When Robin Williams playing a Catholic priest is the most restrained, subtle thing in a new slapstick farce masquerading as a rom-com family drama, there’s a problem. And it’s the least of dozens in Justin Zackham’s new all-star adaptation of the little-seen French froth, Mon Frere se Marie, The Big Wedding.
Although the trailers and the marketing campaign trot out Diane Keaton and Robert DeNiro and Susan Sarandon in sets that look like the next It’s Complicated or Something’s Gotta Give, there’s no trace of the late Nora Ephron or Nancy Meyers to be found in this dull and witless affair. While those two might not be known as auteurs, both have spent years delivering exactly the goods a certain demographic wants: brand-name actors conflicted by impeccably lit high class problems for the 40-something set, pleasantly resolved in 90 to 100 minutes.
The Big Wedding only gets the art direction and the lighting right. Rather than Father of the Bride or even Meet the Fockers, what is served up is far more akin to Dinner for Schmucks (another ill-advised adaptation from the French, and 2010’s second-worst movie of the year.)
The movie centers around the eponymous nuptial weekend of Missy (Amanda Seyfreid) and Alejandro (British actor Ben Barnes) at the family compound of Ben’s adopted dad, Don (Robert DeNiro) and Don’s longtime live-in girlfriend Bebe (Susan Sarandon), who broke up his marriage with family matriarch Ellie (Diane Keaton) years before. Along for the ride are the siblings Ben was raised with, Topher Grace as the 30-year-old virgin Jared, and Katherine Heigl as the angry and reproductively challenged eldest daughter, Lyla. (She’s angry because “you didn’t just divorce Mom!” although it takes a while to get to that point.)
The paper-thin contrivance around which the movie is constructed: Alejandro’s birth mother, Madonna, will be traveling to the wedding from Colombia, where… they don’t believe in Divorce. Hence, Bebe must get the boot for the weekend, and Ellie and Don must pretend to still be married. Potentially, this could be a hilarious triangle of DeNiro and Keaton and Sarandon, but it isn’t. Madonna also brings along Alejandro’s sister (half sister?) Nuria, who exists for random nudity and as a Wedding Crashers plot device for poor Topher Grace.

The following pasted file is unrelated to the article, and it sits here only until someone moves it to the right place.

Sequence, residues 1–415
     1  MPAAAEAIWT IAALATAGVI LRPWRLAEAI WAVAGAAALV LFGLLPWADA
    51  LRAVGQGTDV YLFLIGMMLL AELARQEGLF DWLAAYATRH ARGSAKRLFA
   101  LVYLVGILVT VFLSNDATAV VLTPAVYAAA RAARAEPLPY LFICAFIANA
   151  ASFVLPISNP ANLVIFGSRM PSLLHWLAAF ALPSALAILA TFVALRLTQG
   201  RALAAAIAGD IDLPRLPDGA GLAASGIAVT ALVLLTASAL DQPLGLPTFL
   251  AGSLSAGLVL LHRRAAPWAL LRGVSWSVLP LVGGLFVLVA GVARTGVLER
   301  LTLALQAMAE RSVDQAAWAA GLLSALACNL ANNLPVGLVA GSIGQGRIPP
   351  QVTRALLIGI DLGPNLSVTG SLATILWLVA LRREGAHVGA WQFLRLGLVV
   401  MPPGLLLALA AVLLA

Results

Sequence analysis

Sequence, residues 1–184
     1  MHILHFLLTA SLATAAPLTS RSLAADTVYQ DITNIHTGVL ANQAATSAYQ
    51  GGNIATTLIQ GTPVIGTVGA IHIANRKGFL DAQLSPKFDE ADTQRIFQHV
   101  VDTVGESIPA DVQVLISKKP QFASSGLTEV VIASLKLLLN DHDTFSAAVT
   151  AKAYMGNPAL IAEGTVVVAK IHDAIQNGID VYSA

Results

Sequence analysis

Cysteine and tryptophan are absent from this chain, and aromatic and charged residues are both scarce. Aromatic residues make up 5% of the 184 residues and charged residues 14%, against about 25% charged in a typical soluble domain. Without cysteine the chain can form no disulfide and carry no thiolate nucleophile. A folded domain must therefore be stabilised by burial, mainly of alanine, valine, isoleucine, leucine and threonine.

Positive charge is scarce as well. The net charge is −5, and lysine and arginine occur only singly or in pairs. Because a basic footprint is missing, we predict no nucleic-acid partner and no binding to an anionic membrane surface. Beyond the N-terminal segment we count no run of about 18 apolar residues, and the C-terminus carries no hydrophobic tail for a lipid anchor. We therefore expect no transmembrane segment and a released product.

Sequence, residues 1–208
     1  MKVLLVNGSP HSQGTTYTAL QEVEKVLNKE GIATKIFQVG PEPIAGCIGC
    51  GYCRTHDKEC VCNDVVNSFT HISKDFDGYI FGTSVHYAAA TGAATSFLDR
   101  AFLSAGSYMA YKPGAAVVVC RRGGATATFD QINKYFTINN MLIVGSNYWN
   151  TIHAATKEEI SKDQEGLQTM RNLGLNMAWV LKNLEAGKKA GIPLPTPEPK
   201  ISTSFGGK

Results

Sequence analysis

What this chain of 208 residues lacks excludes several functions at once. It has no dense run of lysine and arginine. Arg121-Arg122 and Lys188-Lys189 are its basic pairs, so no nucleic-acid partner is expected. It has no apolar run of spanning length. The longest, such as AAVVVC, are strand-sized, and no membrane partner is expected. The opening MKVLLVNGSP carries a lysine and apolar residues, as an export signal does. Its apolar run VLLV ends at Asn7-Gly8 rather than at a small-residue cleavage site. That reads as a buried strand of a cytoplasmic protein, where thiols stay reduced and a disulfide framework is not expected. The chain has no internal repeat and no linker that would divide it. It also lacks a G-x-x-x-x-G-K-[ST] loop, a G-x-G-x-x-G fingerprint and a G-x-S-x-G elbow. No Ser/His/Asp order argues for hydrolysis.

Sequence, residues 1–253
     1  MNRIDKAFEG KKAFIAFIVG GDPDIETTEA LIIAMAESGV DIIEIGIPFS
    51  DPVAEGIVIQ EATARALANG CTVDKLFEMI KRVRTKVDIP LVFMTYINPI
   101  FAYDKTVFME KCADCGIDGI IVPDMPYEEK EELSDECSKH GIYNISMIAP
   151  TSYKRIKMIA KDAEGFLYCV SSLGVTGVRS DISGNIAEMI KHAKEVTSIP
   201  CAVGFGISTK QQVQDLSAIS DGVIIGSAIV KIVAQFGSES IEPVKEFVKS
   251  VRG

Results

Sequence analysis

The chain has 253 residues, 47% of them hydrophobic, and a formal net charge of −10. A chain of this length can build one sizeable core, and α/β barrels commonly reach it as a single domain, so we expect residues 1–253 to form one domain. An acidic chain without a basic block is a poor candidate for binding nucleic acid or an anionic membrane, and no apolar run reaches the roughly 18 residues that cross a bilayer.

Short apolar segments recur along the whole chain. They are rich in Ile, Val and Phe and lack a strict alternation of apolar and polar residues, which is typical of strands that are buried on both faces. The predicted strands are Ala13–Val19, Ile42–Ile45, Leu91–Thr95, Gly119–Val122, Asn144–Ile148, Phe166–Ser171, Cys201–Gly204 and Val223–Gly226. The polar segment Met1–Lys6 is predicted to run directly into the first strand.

The movie attempts to satirize racism — Missy’s parents don’t really want to be seen with their prospective “brown” son-in-law at their club — but since Alejandro is played by a white British actor with an American accent, who isn’t even a little bit tan, the jokes about the in-laws are mystifying at best. The in-laws are told they’ll have to face the fact “you’re gonna have bilingual beige grandchildren!” and it makes absolutely no sense.
Alejandro’s Mom gave him up for adoption to give him a “better life,” but no mention is made of why she raised a daughter, his sister. Did she not deserve a “better life?”
Every single aspect of this movie is lost in translation. DeNiro references his alcoholic past with expressions like “I drank my face off.” A hint of the fact that we’re meant to be watching a farce comes with gestures like Madonna standing in a doorway fingering her rosary and camping it up, but the dialogue isn’t broad enough to play like a La Cage Aux Folles. DeNiro seems to have wandered over from the set of Silver Linings Playbook when he plays other lines earnestly like, “I couldn’t stand being ignored.”
Diane Keaton and Susan Sarandon have great chemistry in the few scenes they have together, but the idea that best friends could be plausibly forgiving enough to sexually trade a husband back and forth is a French, or at least European, precept. Despite their best efforts, their scenes together make no sense, as written, in an American movie.
Alcoholism as a silly plot contrivance might play fine in French farce, but Dan falling off the wagon for laughs is spectacularly tone deaf in “family drama” here.
There might have been a movie in here somewhere — what happens when blended families reunite? how is that first generation of the children of divorce-era holding up? what happens when lip service liberals tangle with country club racists? It could all still center around a wedding and be funny and raunchy and R-rated. Wedding Crashers and Bridesmaids certainly managed to do all three.
This isn’t that movie. This is just Weddings With Schmucks.